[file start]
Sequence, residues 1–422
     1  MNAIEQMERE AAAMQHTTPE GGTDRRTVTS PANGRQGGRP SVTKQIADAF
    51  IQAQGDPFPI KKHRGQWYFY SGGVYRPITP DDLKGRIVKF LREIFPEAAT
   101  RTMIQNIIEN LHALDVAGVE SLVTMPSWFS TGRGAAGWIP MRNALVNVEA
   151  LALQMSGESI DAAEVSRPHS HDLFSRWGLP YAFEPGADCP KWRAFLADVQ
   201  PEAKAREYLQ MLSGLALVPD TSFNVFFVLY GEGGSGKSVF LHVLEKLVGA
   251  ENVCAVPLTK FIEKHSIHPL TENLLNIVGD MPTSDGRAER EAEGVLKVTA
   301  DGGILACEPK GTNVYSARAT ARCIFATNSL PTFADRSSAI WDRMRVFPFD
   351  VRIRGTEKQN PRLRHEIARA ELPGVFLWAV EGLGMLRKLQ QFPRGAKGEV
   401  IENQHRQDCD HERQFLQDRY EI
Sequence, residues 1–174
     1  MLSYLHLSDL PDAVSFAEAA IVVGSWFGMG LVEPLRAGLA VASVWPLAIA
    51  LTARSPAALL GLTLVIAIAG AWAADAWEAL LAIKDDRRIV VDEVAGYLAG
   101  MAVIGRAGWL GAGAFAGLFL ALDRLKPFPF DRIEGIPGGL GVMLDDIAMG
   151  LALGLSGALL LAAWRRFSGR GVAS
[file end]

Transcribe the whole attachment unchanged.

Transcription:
Sequence, residues 1–422
     1  MNAIEQMERE AAAMQHTTPE GGTDRRTVTS PANGRQGGRP SVTKQIADAF
    51  IQAQGDPFPI KKHRGQWYFY SGGVYRPITP DDLKGRIVKF LREIFPEAAT
   101  RTMIQNIIEN LHALDVAGVE SLVTMPSWFS TGRGAAGWIP MRNALVNVEA
   151  LALQMSGESI DAAEVSRPHS HDLFSRWGLP YAFEPGADCP KWRAFLADVQ
   201  PEAKAREYLQ MLSGLALVPD TSFNVFFVLY GEGGSGKSVF LHVLEKLVGA
   251  ENVCAVPLTK FIEKHSIHPL TENLLNIVGD MPTSDGRAER EAEGVLKVTA
   301  DGGILACEPK GTNVYSARAT ARCIFATNSL PTFADRSSAI WDRMRVFPFD
   351  VRIRGTEKQN PRLRHEIARA ELPGVFLWAV EGLGMLRKLQ QFPRGAKGEV
   401  IENQHRQDCD HERQFLQDRY EI
Sequence, residues 1–174
     1  MLSYLHLSDL PDAVSFAEAA IVVGSWFGMG LVEPLRAGLA VASVWPLAIA
    51  LTARSPAALL GLTLVIAIAG AWAADAWEAL LAIKDDRRIV VDEVAGYLAG
   101  MAVIGRAGWL GAGAFAGLFL ALDRLKPFPF DRIEGIPGGL GVMLDDIAMG
   151  LALGLSGALL LAAWRRFSGR GVAS